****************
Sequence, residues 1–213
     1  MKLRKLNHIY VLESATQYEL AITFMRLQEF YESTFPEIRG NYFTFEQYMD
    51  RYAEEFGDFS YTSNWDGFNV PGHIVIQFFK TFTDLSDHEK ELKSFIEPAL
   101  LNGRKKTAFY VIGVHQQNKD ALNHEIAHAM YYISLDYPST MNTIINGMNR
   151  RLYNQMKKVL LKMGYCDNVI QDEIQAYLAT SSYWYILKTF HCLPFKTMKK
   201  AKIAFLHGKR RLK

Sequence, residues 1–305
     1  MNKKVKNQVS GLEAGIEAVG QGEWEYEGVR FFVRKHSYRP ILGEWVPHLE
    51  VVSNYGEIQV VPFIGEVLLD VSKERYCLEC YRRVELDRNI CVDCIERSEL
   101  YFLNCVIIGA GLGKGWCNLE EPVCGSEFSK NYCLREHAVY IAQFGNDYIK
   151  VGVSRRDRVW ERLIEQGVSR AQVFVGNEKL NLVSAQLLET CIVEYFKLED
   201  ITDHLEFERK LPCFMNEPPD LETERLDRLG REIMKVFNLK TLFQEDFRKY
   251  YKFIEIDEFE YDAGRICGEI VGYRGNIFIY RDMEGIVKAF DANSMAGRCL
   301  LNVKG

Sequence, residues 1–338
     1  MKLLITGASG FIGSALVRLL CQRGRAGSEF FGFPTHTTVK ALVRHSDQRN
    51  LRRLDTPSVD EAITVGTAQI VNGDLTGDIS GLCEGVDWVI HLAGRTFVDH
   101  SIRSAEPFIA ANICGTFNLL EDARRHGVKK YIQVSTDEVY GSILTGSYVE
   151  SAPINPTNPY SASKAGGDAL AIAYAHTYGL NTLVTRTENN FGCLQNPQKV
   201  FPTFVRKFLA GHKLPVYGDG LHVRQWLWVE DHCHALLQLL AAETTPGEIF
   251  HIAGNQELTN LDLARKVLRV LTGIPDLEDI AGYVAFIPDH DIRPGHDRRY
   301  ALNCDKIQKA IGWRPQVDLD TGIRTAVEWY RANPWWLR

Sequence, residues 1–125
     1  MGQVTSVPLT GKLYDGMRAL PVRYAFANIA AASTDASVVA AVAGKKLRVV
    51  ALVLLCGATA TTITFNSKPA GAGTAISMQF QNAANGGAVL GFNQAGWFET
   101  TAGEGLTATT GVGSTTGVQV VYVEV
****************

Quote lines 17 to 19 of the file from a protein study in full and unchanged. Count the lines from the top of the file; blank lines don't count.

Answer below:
    51  LRRLDTPSVD EAITVGTAQI VNGDLTGDIS GLCEGVDWVI HLAGRTFVDH
   101  SIRSAEPFIA ANICGTFNLL EDARRHGVKK YIQVSTDEVY GSILTGSYVE
   151  SAPINPTNPY SASKAGGDAL AIAYAHTYGL NTLVTRTENN FGCLQNPQKV